A little bit goes a long way

Seriously. You don’t necessarily need to make big changes in your paddling technique to see big gains in your paddling proficiency. You’re part-way there already. Honing just a couple of basic kayaking fundamentals can make a difference in whether you catch that big wave or that tough eddy. The better you get; the greater the result. Here are some small changes to play around with and test out the next time you’re on the river or in the surf. I promise you’ll see results when you implement these changes.

  • First, recognize intent and form your stroke to that intent. No matter which way you want your boat to go, the most effective blade angle to achieve that will place and keep the flat part of the blade and the force it produces pointed 180? opposite to that direction. In other words, if you want to move forward, you want a flat (power) blade face oriented directly toward the rear: Not upward, not downward, not left, not right….Straight Back.Ask yourself: “What do I do to my stroke to make that happen?” If you want your boat to turn, the same applies. If you want to turn left, you want your blade applying pressure directly away from the boat to the right at the bow (for a right bow sweep stroke) or directly toward your stern (for a right stern draw stroke). Not upward, not downward, not out at 45? to the side of the boat. Any off-angle efforts produce less-than-ideal effects. The longer the blade and stroke can be maintained at an ideal angle during the stroke, the more effectively that stroke will achieve your intent.Similar to blade angle, ask whether your intent is to make the boat move straight ahead or back or rather to turn. If it is straight ahead or back, you want the blade to apply force near the center of spin of the boat and will therefore be using a very vertical shaft angle. If the intent is to turn the boat, you want the blade applying force away from the center of spin and therefore want a very horizontal shaft angle with the blade near the bow or stern.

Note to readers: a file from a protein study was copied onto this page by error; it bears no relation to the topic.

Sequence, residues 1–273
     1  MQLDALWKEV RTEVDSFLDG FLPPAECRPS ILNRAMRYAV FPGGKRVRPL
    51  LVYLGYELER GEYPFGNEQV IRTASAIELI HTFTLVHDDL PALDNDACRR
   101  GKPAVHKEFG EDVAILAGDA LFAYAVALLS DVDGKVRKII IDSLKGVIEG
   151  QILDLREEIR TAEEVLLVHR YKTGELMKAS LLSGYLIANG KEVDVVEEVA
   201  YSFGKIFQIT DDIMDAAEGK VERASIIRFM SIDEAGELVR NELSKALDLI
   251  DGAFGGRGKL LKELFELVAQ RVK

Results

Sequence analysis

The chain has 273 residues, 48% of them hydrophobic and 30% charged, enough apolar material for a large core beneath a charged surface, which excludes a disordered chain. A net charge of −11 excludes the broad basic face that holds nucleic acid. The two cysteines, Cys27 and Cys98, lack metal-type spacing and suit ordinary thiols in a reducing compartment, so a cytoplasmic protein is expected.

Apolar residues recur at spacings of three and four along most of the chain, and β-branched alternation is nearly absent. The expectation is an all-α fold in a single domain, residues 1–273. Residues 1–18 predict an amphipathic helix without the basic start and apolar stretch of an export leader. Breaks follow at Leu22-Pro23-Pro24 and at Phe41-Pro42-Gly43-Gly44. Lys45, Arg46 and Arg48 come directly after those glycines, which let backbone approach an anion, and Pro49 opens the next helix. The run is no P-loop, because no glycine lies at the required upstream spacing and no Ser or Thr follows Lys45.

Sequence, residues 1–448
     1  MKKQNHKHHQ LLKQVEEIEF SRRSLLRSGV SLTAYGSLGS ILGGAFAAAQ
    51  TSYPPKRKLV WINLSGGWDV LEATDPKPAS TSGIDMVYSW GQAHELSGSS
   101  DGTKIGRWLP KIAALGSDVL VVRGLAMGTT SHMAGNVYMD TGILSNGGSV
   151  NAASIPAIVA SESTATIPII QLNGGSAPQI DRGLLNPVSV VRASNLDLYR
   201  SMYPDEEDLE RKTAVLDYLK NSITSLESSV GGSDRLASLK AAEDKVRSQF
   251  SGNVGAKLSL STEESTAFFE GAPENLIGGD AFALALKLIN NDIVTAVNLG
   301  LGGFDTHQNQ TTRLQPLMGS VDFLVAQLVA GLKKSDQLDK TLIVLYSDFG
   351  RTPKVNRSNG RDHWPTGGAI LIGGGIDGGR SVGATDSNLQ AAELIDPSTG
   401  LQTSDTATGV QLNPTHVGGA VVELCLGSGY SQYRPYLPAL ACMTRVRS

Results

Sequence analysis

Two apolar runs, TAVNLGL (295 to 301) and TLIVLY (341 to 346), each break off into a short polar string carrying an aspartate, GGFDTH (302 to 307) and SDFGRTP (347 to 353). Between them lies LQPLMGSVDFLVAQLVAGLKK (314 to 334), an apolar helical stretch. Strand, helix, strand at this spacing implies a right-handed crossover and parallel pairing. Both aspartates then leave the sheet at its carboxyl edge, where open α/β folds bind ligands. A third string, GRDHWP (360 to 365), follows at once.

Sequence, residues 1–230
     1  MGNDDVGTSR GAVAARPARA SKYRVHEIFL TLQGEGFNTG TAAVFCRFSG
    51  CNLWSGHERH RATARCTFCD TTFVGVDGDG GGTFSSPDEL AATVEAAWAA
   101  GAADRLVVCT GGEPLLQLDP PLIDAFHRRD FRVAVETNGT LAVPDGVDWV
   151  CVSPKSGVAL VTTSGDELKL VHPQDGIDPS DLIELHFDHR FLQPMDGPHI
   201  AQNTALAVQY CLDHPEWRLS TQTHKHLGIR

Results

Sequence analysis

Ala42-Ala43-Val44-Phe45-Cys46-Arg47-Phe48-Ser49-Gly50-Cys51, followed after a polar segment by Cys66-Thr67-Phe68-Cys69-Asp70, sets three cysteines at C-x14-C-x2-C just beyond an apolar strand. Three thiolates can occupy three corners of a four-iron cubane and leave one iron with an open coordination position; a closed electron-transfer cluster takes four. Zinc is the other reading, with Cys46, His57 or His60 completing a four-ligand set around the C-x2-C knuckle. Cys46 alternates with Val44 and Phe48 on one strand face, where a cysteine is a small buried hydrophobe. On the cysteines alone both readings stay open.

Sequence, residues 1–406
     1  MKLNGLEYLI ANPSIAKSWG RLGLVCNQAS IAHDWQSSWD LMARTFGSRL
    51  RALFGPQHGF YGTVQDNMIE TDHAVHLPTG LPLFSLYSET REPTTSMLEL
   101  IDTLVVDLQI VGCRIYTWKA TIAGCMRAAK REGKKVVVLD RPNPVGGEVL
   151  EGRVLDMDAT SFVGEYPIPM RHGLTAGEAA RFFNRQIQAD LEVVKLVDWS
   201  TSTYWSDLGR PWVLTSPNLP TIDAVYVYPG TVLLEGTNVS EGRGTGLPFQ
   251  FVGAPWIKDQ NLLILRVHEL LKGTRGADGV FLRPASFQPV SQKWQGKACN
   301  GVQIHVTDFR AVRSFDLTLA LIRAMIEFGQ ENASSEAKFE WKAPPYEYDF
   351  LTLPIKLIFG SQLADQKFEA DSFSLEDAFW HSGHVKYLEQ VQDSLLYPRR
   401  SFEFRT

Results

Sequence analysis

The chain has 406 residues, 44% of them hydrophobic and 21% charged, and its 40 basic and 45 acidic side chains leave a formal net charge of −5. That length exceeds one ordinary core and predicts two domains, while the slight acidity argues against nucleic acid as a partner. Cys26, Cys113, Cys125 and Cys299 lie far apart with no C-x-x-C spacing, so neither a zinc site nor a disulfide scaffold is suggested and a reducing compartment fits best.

If the intent is to roll the boat (e.g. a C-to-C roll) or keep the boat from rolling (e.g. a low brace), the blade face and shaft should be parallel to the water’s surface with the force/counter force applied far away from the center of spin (or, in this axis; rotation).

  • Forward/power stroke: Rotate your entire forward stroke farther forward. You may just try catching it 1″ at a time farther forward. Plant this mind-worm in your brain when the instant arrives that you know you’ll need more power for a move. Gain that extra little bit of power by winding your shoulders up; not by just bending forward. You don’t need to make the stroke longer; just more forward. You can release earlier. The chances are that your current release is too far rearward already. Remember we want to draw the boat to the anchored paddle; not push water backward.By enhancing your rotation, you’ll generate more energy from your core and that energy will be delivered to the boat more closely to centerline. Use this new forward position to gain better aggressive body contact with (and control of) the boat. Use this new position and its intent to make a solidly planted and executed stroke, making more use of the more efficient position of the stroke. Make. Each. Stroke. Count. Windmilling a bunch of short, ineffective strokes will never deliver the result of fewer, well applied ones.